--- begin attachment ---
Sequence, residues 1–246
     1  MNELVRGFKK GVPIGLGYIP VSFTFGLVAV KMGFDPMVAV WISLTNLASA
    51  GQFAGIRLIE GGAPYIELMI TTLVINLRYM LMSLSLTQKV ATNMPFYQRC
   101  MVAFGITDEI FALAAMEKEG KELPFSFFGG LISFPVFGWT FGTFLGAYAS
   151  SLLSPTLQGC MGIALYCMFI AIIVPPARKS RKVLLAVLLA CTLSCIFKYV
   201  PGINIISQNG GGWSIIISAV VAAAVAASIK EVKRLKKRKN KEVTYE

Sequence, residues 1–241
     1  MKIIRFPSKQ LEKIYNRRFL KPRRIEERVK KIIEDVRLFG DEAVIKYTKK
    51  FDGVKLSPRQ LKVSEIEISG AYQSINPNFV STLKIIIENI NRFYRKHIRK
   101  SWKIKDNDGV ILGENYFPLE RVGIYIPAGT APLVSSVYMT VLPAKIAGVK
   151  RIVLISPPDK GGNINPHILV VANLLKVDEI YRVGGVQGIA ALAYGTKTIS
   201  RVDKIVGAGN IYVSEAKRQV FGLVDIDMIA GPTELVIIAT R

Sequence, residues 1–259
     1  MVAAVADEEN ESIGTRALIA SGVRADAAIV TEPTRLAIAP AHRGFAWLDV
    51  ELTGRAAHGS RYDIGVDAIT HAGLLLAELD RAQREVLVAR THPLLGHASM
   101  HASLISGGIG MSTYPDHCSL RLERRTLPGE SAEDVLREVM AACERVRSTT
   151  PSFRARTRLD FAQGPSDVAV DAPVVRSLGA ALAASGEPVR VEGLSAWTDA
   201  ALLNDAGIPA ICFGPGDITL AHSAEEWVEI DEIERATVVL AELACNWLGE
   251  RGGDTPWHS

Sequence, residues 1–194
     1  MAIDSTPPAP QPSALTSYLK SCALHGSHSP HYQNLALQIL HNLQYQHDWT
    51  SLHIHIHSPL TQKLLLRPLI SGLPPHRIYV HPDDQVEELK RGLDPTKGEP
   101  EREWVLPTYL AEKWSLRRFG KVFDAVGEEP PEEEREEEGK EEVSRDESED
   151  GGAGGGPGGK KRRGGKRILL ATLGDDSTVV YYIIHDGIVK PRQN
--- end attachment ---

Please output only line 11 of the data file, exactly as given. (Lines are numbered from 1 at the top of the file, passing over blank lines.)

   151  RIVLISPPDK GGNINPHILV VANLLKVDEI YRVGGVQGIA ALAYGTKTIS